businesses with revenues of $7 million or less.
---------------------------------------------------------------------------

    \1\ Aircraft Repair Station Security (49 CFR part 1520 and 
1554). Regulatory and Economic Analysis: Transportation Security 
Administration Department of Homeland Security, October 15, 2009.
---------------------------------------------------------------------------

    After estimating the number of small entity repair stations, we now 
focus on describing subcontractors impacted by this rule. In order to 
provide a description of subcontractors, the FAA examined the submitted 
list of 21 NAICS codes provided by the SBA and ARSA. There was some 
duplication in the codes, reducing the actual number of codes to be 
examined.
    During the comment period ARSA not only provided a list of NAICS 
codes, but they also conducted and provided information on a Non-
Certificated Maintenance Subcontractor (NCMS) Survey. Some of the 
information from the survey proved to be useful in determining the 
small business impact on subcontractors, particularly the responses to 
questions 1 (number of employees), 2 (annual revenue), 3 (an existing 
contract with a U.S. air carrier to perform maintenance), 4 (type of 
work). These responses are used, in this analysis, to determine the 
characteristics of these companies.
    The FAA finds it appropriate to start with the responses to 
question 4, which deals with the work-related functions of the 
respondents, as a snapshot of some of the types of companies that need 
to be included in this analysis. The FAA grouped the responses to 
question 4 into the NAICS codes that both ARSA and the SBA provided and 
the FAA was able to correlate 98 of the 134 survey respondents with 
these codes; these 98 are shown in Table 1 below. While there are 
discrepancies with regard to the count, we can validate 98 of the 134 
responses. This shows the wide spectrum of businesses providing 
contracting support.

         Table 1--Survey Results--NAICS Codes and Work Functions
------------------------------------------------------------------------
                                                          Require D&A
   Number of NCMS     NAICS Code    Work functions         program?
------------------------------------------------------------------------
1..................       313311  Fireproofing of     Y
                                   fabrics.
14.................       313320  Metallizing         S
                                   (including
                                   plating).
9..................       332322  Manufacturing       N
                                   airframe parts
                                   (mostly sheet
                                   metal).
                                  Manufacturing per   N
                                   approved drawing
                                   or data.
                                  Manufacturing       N
                                   small parts; some
                                   of which are used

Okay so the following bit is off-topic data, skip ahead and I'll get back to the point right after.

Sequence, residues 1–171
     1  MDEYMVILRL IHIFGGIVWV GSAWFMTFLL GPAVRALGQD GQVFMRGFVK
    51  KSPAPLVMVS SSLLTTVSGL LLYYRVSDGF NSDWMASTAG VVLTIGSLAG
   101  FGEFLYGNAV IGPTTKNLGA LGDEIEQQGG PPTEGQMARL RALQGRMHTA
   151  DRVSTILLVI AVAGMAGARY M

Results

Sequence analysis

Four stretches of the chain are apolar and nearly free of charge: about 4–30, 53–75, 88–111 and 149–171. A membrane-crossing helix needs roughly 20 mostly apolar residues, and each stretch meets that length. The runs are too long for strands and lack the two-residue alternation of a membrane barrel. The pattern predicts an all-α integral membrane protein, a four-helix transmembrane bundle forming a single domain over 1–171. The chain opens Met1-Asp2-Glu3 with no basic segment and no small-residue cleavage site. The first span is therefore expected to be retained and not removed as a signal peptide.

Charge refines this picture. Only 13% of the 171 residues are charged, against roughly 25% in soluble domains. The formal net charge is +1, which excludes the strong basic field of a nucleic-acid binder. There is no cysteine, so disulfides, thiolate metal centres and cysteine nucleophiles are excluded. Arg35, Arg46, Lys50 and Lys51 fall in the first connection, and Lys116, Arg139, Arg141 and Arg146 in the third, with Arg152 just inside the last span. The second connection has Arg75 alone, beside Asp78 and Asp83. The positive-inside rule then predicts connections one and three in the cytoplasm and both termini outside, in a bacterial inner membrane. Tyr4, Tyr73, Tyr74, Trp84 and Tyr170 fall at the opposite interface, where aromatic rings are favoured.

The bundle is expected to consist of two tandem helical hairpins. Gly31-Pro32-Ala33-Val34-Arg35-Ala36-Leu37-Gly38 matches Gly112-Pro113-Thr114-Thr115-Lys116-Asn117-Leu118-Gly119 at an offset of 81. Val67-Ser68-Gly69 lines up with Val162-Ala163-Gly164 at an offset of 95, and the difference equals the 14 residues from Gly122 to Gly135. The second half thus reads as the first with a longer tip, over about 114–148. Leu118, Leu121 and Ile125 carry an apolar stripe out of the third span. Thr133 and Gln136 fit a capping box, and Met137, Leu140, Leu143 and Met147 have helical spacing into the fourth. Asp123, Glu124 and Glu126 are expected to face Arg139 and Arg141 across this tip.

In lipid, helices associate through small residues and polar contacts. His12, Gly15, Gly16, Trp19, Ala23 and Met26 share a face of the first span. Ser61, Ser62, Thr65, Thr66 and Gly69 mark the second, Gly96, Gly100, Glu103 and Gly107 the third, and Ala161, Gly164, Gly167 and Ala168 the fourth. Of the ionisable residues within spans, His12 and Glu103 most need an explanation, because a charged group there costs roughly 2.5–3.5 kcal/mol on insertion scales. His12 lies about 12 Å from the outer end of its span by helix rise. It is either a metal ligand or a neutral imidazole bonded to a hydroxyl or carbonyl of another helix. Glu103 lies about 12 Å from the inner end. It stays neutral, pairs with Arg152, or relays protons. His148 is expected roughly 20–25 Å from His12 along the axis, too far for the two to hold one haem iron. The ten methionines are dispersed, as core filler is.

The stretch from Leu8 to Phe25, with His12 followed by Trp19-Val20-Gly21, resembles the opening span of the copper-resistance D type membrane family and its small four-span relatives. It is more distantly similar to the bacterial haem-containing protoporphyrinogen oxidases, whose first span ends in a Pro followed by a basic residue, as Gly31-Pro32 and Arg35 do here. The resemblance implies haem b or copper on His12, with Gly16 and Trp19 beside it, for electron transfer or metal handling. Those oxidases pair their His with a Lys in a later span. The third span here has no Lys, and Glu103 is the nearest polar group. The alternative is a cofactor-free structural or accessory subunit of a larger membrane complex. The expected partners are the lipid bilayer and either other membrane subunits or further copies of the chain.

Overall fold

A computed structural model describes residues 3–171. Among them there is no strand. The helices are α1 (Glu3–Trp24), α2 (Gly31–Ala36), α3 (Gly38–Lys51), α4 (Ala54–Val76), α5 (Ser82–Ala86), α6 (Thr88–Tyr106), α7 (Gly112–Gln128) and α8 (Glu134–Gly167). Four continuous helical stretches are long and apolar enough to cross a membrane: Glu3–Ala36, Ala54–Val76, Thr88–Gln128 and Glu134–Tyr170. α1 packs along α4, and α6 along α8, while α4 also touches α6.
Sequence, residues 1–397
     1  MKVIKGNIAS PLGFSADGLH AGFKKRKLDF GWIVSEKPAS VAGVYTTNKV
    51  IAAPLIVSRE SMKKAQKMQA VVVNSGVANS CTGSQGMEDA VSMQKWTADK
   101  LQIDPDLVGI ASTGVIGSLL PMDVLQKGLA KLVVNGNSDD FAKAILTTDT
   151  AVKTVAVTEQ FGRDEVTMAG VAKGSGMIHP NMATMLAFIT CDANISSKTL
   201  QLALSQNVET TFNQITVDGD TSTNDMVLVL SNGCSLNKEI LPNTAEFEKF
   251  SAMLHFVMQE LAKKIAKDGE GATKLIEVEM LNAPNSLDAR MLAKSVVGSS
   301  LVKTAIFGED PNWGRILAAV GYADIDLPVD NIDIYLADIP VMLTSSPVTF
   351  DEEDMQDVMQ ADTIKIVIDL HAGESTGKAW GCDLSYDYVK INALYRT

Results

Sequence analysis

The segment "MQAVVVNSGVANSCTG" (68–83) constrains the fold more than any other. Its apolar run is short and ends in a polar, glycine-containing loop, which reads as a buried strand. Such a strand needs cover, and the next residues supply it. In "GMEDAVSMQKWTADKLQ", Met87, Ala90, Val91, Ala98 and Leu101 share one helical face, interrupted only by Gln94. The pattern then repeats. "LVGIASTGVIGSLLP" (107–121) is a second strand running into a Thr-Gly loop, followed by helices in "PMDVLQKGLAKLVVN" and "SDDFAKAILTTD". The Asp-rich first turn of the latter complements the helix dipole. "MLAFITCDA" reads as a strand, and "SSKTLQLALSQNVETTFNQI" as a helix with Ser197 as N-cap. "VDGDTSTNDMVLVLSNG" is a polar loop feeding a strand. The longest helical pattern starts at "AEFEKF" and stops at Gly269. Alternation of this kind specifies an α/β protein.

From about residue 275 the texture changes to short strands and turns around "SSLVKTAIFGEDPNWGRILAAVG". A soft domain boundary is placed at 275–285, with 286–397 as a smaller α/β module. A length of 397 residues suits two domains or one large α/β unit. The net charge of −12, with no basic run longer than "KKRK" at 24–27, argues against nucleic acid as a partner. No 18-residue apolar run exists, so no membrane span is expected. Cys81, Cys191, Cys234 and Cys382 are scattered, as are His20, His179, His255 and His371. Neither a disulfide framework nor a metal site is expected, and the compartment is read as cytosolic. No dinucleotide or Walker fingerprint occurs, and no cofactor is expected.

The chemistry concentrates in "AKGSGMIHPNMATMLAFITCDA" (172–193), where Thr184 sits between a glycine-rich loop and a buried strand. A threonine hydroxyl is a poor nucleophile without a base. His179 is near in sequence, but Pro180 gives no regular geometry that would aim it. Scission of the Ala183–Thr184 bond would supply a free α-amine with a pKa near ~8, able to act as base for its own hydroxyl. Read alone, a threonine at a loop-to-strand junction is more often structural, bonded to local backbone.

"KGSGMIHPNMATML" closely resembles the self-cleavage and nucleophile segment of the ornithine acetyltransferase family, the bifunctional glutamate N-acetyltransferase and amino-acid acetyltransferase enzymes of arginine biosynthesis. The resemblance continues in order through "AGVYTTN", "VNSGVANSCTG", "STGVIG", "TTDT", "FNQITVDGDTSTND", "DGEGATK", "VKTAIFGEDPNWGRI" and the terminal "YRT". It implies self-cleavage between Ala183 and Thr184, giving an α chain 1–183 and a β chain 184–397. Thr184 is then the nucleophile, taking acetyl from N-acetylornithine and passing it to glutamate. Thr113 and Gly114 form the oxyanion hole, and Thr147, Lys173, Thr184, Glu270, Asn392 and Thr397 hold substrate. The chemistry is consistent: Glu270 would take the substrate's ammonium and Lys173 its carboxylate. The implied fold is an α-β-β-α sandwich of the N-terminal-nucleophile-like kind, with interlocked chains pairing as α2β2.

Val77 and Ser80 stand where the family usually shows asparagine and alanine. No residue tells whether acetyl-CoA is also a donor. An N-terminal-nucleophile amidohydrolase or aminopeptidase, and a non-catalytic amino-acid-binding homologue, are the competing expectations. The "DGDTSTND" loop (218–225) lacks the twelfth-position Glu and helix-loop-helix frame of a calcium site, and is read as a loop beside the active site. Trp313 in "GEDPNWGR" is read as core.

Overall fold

by part 121
                                   operators.
23.................       332710  Chemical milling    S
                                   (reduction of
                                   weight).
                                  Machining.........  S
                                  Machining and       N
                                   welding of ground
                                   support parts for
                                   planes.
                                  Machining of        S
                                   turbine engine
                                   components.
                                  Machining; chrome   S
                                   plating; anodize;
                                   metal finishing;
                                   shot peening.
3..................       332722  Manufacturer of     N
                                   miniature turned
                                   parts. Screws and
                                   like.

[[Page 12561]]

 
2..................       332811  Heat treating.....  Y
1..................       332812  Painting..........  Y
8..................       332813  Chrome plating;     S
                                   nickel plating
                                   (metal finishing).
                                  Machining; chrome   S
                                   plating; anodize;
                                   metal finishing;
                                   shot peening.
                                  Metal finishing     S
                                   (grinding) (zinc
                                   plating).
                                  Plating; precision  S
                                   grinding; non-
                                   destructive
                                   testing.
3..................       332999  Die-cut parts--     N
                                   shims; washers;